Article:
Stanley Cup finalists have been known to ride the backs of hot goaltenders. In some cases a hot goalie helps make a great team exceptional, like Chris Osgood and Marc-Andre Fleury last season, and sometimes a hot goaltender can drag a mediocre team to the finals all by himself, like Dwayne Roloson in 2006 or Miikka Kiprusoff in 2004. Either way, great goaltending seems to be a key ingredient in the recipe of a Stanley Cup champion. If this is true, which netminder can we expect to see hoisting the cup in June?
1. Tim Thomas, Boston
Tim Thomas leads active goaltenders with a 1.51 GAA and is third with a .944 save percentage. He's the only goaltender to put forward a Quality Start in all six of his games, one of which was wasted. A Quality Start replaces wins as a way of evaluating starting goaltenders, as it is awarded to any goaltender who plays well enough to win, regardless of whether his team won or not. Surprisingly, Tim Thomas has only been awarded a single game star and a 2nd game star, despite his stellar goalkeeping.
2. Simeon Varlamov, Washington
Simeon Varlamov began the postseason as Jose Theodore's back-up, but has surprised everyone with his league-best 1.51 GAA, and his 2nd-best .945 save percentage since replacing Theodore as starter in the 2nd game of the 1st round. He has two shutouts, and has been awarded a game star 6 times in his 8 starts, including 3 1st stars. He has only had 1 non-quality start, but the Capitals won that game anyway (known as a Bail Out), but the Capitals also wasted 2 of his 7 Quality Starts, so they still owe him one.
3. Jonas Hiller, Anaheim
Some people were surprised when Randy Carlyle chose Jonas Hiller as his starting goalie over 2007's hero and 2003 Conn Smythe winner Jean-Sebastien Giguere. Given the results, and Hiller's much stronger regular season statistically, it was certainly the right move. Like Varlamov, Hiller has two shutouts and has put forward Quality Starts in 7 of his 8 appearances and, like Washington, Anaheim has wasted two of those Quality Starts. Hiller has a 1.83 GAA and leads active goaltenders with a .951 save percentage. The Ducks have certainly been relying on his goalkeeping, and he's been awarded a league-best 4 1st stars in his 8 games.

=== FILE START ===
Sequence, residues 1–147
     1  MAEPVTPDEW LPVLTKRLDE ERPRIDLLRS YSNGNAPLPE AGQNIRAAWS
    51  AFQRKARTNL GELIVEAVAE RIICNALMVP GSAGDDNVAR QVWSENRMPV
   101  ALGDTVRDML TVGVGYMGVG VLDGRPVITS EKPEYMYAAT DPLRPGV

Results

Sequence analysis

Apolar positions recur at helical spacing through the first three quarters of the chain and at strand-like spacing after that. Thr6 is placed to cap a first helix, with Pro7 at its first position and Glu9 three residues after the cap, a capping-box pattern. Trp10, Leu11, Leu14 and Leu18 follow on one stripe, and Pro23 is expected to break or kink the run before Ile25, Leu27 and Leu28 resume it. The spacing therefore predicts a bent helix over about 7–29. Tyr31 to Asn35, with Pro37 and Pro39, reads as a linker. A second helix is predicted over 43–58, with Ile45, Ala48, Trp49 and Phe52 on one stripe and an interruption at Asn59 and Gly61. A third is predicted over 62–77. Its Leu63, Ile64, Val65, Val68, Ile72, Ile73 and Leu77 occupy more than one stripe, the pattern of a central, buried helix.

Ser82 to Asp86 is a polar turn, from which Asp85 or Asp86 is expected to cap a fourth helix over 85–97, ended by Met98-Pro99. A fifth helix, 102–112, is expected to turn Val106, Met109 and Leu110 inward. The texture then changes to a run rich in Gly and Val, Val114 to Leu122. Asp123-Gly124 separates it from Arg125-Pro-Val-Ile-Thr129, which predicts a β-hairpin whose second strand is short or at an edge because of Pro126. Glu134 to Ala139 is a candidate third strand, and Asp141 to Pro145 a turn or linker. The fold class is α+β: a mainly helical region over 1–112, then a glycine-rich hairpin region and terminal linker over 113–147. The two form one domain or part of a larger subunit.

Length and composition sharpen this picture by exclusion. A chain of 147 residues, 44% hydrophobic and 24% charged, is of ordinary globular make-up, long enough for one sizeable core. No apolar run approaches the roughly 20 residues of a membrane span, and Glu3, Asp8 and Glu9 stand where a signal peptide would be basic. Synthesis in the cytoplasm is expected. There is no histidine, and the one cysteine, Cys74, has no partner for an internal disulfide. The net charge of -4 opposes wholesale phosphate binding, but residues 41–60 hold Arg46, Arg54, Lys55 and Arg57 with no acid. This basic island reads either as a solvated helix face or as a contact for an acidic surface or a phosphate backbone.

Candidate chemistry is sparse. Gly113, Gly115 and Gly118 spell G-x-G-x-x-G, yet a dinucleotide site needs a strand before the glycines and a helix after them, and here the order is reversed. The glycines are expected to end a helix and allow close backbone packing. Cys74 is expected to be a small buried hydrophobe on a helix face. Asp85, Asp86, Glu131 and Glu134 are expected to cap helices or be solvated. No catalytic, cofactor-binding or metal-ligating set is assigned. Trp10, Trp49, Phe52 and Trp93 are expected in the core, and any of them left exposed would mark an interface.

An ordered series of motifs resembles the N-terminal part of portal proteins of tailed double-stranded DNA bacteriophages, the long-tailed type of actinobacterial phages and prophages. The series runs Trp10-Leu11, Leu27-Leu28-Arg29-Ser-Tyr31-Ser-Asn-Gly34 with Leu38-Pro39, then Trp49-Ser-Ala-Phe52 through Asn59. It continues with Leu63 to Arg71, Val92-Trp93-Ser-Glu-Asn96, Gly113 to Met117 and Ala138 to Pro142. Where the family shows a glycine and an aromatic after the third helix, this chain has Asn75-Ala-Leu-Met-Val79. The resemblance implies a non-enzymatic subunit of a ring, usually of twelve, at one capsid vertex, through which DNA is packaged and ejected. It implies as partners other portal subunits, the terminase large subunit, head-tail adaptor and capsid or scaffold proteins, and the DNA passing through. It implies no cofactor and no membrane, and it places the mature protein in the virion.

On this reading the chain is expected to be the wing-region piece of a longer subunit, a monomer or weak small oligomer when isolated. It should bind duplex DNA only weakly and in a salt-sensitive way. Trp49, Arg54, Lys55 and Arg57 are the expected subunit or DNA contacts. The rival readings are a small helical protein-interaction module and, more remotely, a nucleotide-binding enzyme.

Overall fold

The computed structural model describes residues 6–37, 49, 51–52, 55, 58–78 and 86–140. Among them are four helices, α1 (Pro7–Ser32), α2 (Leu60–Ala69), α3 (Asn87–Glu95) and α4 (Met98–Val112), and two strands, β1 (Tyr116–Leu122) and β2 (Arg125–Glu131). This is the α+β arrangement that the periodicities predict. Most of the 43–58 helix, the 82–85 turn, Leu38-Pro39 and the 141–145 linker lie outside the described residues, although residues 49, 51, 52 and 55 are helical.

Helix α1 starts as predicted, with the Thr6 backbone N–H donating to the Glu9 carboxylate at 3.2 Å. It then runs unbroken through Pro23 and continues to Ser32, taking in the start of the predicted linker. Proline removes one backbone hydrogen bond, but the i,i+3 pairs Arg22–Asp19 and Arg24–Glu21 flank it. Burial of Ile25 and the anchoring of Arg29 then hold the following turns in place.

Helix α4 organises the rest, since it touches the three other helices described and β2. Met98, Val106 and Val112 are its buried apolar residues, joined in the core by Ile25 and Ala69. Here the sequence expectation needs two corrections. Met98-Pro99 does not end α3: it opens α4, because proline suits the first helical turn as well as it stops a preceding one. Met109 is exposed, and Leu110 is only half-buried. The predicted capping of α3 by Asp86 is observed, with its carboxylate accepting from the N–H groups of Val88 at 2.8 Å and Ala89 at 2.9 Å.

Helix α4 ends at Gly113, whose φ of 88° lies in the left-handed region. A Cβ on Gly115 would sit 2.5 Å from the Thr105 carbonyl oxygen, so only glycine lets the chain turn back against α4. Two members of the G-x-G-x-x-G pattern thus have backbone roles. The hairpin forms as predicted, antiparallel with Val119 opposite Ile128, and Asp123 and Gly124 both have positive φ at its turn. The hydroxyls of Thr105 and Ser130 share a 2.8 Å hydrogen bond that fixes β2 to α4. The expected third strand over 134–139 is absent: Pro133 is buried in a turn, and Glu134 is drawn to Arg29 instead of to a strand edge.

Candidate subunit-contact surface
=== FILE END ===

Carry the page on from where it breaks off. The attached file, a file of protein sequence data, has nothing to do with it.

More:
4. Chris Osgood, Detroit
Last year's Stanley Cup hero Chris Osgood had a very disappointing regular season statistically, but has risen to the challenge in the playoffs. He has a 1.95 GAA, a strong .928 save percentage, and one shutout. In his six starts he's only failed to have a Quality Start once, but Detroit bailed him out. Detroit also wasted one of his Quality Starts, so they're even. Osgood has collected a game star in half of his starts, including two 1st stars.
5. Roberto Luongo, Vancouver
Roberto Luongo dominated St. Louis in the first round with four straight Quality Starts, including a shutout, and three 1st stars. He's met his match in Chicago, and is still looking for his first Quality Start after the opening two games, although Vancouver did bail him out once. Overall he has a 2.06 GAA, and a .933 save percentage.
6. Cam Ward, Carolina
Carolina's 2006 Stanley Cup hero and Conn Smythe champion Cam Ward has had the most highs and lows throughout the postseason. Of his 9 Starts, 6 were Quality Starts, but 2 were wasted, though he was bailed out of 1 of his non-Quality Starts. 2 of his Quality Starts met the definition by a decimal point, so he could just as easily be ranked 4-5 instead of 6-3. He has a 2.08 GAA, a .937 SV% and 2 shutouts, but is not as consistent as the other goalies.
7. Nikolai Khabibulin, Chicago
Nikolai Khabibulin, who won the Stanley Cup for the Tampa Bay Lighting in 2004, has had Quality Starts in half of his 8 starts. His winning record is is the result of being bailed out in game two against Vancouver. His overall numbers are just as average, with a 2.77 GAA, a .901 SV%, and no shutouts.
8. Marc-Andre Fleury, Pittsburgh
Marc-Andre Fleury was exceptional in 2008, helping guide the Penguins to an exciting Stanley Cup finals against Detroit. So far this postseason he's managed only 3 Quality Starts in 8 attempts, all of them in the opening four games, and was bailed out in the dramatic Game 6 in Philadelphia. He has a 2.67 GAA and a .913 save percentage and, like Khabibulin, has two game stars (one more than the #1 goalie on this list, Tim Thomas).
It will be interesting to see which of these goaltenders can lead their teams to the Stanley Cup this season. Four of them have done it before, and of the four who haven't, two of them are arguably the league's best goaltenders. Hockey is obviously a team sport, but history has shown that teams with a hot goaltender have a huge advantage in the race for the Cup. If so, I really like Boston's chances this year.
Robert Vollman is an author of Hockey Prospectus.
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